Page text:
RAID 5 block-level striping with distributed parity distributes the parity strips across all disks round-robin scheme avoids the bottleneck found in RAID 4.
RAID 5 AdvantagesDisadvantages Highest read data transaction rate Good aggregate transfer rate Efficient low ratio of parity disks to data The most complex controller design Difficult to rebuild during disk failure
RAID 6 block-level striping with double distributed parity two different parity calculations stored in separate blocks on different disks extremely high data availability
RAID 5 AdvantagesDisadvantages Extremely high data fault tolerance Sustain multiple simultaneous drive failures More complex controller design Controller overhead is extremely high
Optical Disk Products CD CD-ROM; CD-R; CD-RW; DVD DVD-R; DVD-RW Blu-Ray
CD Operation Basic One-Side Disc Operation Double-Sided Disc Operation
CD-ROM Block Format SYNC: Identifies the beginning of a block. Header: Contains the block address and the mode byte. Mode 0: Specifies a blank data field Mode 1: Specifies the use of error-correction= 2048 bytes Mode 2: Specifies 2336 bytes of user data with no error correcting code. Auxiliary: Additional user data in mode 2. 288 bytes used as error-correcting code in Mode 1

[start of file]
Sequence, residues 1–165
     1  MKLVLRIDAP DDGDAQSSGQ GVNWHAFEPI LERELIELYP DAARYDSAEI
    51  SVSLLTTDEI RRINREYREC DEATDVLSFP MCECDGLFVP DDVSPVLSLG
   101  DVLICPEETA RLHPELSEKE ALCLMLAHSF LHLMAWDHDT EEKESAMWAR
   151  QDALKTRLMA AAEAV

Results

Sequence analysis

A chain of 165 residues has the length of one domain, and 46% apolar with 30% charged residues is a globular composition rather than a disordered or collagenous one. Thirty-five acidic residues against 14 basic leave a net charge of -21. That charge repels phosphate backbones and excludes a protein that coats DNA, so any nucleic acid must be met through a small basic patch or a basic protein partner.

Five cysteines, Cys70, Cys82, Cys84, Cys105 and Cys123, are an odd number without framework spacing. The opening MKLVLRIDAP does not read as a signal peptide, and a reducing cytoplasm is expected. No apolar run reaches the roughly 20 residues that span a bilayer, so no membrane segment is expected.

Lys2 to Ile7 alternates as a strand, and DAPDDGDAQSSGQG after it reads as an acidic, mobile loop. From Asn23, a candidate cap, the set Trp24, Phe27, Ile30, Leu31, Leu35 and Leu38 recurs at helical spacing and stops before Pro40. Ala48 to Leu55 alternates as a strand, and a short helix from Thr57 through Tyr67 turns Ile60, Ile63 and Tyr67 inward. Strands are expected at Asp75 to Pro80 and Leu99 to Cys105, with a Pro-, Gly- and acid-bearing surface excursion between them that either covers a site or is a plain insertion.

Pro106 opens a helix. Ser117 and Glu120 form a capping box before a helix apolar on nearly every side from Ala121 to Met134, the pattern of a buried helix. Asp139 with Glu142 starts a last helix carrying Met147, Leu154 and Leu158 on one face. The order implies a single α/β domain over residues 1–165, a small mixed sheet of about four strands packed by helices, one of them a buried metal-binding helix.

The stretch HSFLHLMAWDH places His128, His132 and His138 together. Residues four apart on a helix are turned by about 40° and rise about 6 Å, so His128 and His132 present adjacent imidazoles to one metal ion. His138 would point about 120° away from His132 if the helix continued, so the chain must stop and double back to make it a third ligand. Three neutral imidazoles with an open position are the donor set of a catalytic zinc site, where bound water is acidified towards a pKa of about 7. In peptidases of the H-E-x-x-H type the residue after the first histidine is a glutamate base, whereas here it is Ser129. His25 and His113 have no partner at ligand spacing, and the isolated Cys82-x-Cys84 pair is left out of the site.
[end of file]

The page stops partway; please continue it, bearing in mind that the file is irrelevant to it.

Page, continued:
High Definition Optical Disks -Blu Ray: -Same size as CDs and DVD (1.2mm) - Contains 25GB of data per layer -Available with Triple (100GB) and Quadruple (128GB) Layers -The name Blu-ray refer to blue laser used to -read disc HD DVD -No longer in production -Lost optical disc war to Blu Ray
Access to data Move from record 1 to N. Read records 1 through N-1 one at a time If beyond N Rewind tape x distance and begin reading Tape Directory Physical tape location for a given data block Detected while winding tape
Linear Tape-Open (LTO) Tape Drives LTO-1LTO-2LTO-3LTO-4LTO-5LTO-6 Release date20002003200520072010TBA Compressed capacity 200 GB400 GB800 GB1600 GB3 TB8 TB Compresses transfer rate (MB/s) 4080160240280525 Linear Density (bits.mm) 4880719896381330015142 Tape tracks3845127048961280 Tape length609 m 680 m820 m846 m Tape width (cm)1.27 Write elements8816
USB flash driver Universal Serial BusFlashDriver
Name and Definition As the name of this device, What USB flash driver is a driver which using flash memory chip as its storage media and communicating with computer or other device via Universal Serial Bus.
Universal Serial Bus Universal Serial Bus it is an industry standard developed in the mid-1990s that defines the cables, connectors and protocols used for connection, communication and power supply between computers and electronic devices.